Objectives This study examines the levels of knowledge, attitude and practices (KAP) towards diabetes among Qatar nationals and long-term residents and its association with participants’ selected demographics.
Setting A cross-sectional study conducted in public areas in all the eight municipalities of Qatar from July to October 2018.
Participants 2400 participants from the general public (nationals and long-term residents) stratified by gender, age and nationality across all geographic locations in Qatar.
Primary and secondary outcome measures Responses were scored from 0% to 100% and KAP scores were classified as low (0%–49%), intermediate (50%–74%) or high (75%–100%). Analyses and comparisons were performed using descriptive statistics and χ2 test at 5% level.
Results Most participants (54%) had an intermediate overall KAP score, 43% had a low score and only 3% had a high score. The knowledge scores were the lowest among participants, 69% had low, 29% had intermediate and only 2% had high scores. Participants scored better in attitude and practice; the percentages of participants who scored high, intermediate and low were 32%, 55% and 13% for attitude, and 37%, 33% and 30% for practice, respectively. Except for age, level of knowledge significantly varied by gender, nationality and diabetes-related diagnosis (p<0.001); attitude and practice levels differed significantly in all four factors. Areas where participants were deficient include: diabetes types, risk factors, signs and symptoms, complications, recommended daily exercise, normal fasting glucose level, preventive measures, management and control and understanding about complexity of diabetes.
Conclusions Participants generally have intermediate levels of positive attitudes and practices towards diabetes but low knowledge in diabetes-related factors. The data suggest that future communications should focus on educating the public and conduct mass campaigns about diabetes to improve knowledge especially targeting men and women, and both nationals and expatriates.
- diabetes & endocrinology
- public health
- general diabetes
Data availability statement
Data are available upon reasonable request. Data are available upon reasonable request from the National Diabetes Strategy, Ministry of Public Health, Doha, Qatar.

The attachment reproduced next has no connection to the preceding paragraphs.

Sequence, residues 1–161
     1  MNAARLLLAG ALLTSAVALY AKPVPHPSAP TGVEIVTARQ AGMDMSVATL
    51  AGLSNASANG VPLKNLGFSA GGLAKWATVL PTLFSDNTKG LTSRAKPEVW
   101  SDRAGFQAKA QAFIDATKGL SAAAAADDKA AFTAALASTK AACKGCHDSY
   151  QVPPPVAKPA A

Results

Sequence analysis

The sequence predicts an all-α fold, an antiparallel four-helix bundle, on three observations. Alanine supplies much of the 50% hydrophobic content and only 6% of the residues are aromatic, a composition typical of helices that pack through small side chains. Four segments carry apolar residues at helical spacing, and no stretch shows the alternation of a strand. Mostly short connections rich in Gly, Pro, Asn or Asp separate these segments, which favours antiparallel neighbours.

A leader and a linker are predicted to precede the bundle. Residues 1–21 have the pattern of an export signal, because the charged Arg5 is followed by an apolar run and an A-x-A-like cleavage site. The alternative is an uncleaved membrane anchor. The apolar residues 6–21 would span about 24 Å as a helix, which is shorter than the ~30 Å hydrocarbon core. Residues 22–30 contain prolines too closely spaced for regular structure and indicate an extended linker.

This is an open access article distributed in accordance with the Creative Commons Attribution Non Commercial (CC BY-NC 4.0) license, which permits others to distribute, remix, adapt, build upon this work non-commercially, and license their derivative works on different terms, provided the original work is properly cited, appropriate credit is given, any changes made indicated, and the use is non-commercial. See: http://creativecommons.org/licenses/by-nc/4.0/.
Statistics from Altmetric.com
If you wish to reuse any or all of this article please use the link below which will take you to the Copyright Clearance Center’s RightsLink service. You will be able to get a quick price and instant permission to reuse the content in many different ways.
Strengths and limitations of this study
The strengths of this study include being population based having a relatively large sample, and inclusion of both Qatar nationals and expatriate participants in the sample.
The limitation of the study is its recruitment technique from public places which might have resulted in exclusion of home-bound population, thus does not accurately represent the whole Qatar population.
Diabetes has become a major public health threat in Qatar due to its debilitating effects on the population’s quality of life and well-being. Diabetes and its related complications, including cardiovascular disease, kidney disease, neuropathy, blindness and lower extremity amputation, are one of the top three causes of death in Qatar.1 The Stepwise survey conducted in 2012 among Qatari nationals found that diabetes prevalence was 16.7% among adults aged 18 years and above.2 Prevalence of overweight, obesity and hypertension was 70.1%, 41.4% and 33%, respectively.2
As the incidence of diabetes is increasing worldwide,3 4 evaluation of diabetes knowledge, attitude and practice (KAP) has become crucial for guiding behavioural changes for persons with diabetes and individuals at risk. KAP-related studies are important in tailoring a health programme to help curb the threats caused by the disease.5–8 Adequate information helps the public understand the risks of diabetes and its complications, seeks treatment of existing disease, takes preventive measures and develops proactive attitude towards health.9 10